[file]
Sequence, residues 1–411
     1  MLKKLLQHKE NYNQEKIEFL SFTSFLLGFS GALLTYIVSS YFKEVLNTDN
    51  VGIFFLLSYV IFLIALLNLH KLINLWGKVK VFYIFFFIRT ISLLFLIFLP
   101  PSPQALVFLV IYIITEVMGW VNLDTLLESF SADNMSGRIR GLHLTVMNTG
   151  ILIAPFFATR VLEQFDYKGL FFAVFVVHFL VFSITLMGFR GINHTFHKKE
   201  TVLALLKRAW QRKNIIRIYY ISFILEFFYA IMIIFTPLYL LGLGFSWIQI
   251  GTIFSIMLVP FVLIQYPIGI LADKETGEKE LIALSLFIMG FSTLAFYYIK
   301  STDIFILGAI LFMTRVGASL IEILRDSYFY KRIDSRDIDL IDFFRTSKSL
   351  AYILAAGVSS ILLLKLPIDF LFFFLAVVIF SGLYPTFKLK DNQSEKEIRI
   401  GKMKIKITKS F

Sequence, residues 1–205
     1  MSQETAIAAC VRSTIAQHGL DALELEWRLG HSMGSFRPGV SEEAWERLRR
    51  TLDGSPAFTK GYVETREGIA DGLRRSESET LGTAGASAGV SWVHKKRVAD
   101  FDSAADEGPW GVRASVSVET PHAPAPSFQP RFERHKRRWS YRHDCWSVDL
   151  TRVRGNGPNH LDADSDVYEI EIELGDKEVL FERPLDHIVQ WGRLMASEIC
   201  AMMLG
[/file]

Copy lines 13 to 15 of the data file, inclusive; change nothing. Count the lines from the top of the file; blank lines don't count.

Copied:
    51  TLDGSPAFTK GYVETREGIA DGLRRSESET LGTAGASAGV SWVHKKRVAD
   101  FDSAADEGPW GVRASVSVET PHAPAPSFQP RFERHKRRWS YRHDCWSVDL
   151  TRVRGNGPNH LDADSDVYEI EIELGDKEVL FERPLDHIVQ WGRLMASEIC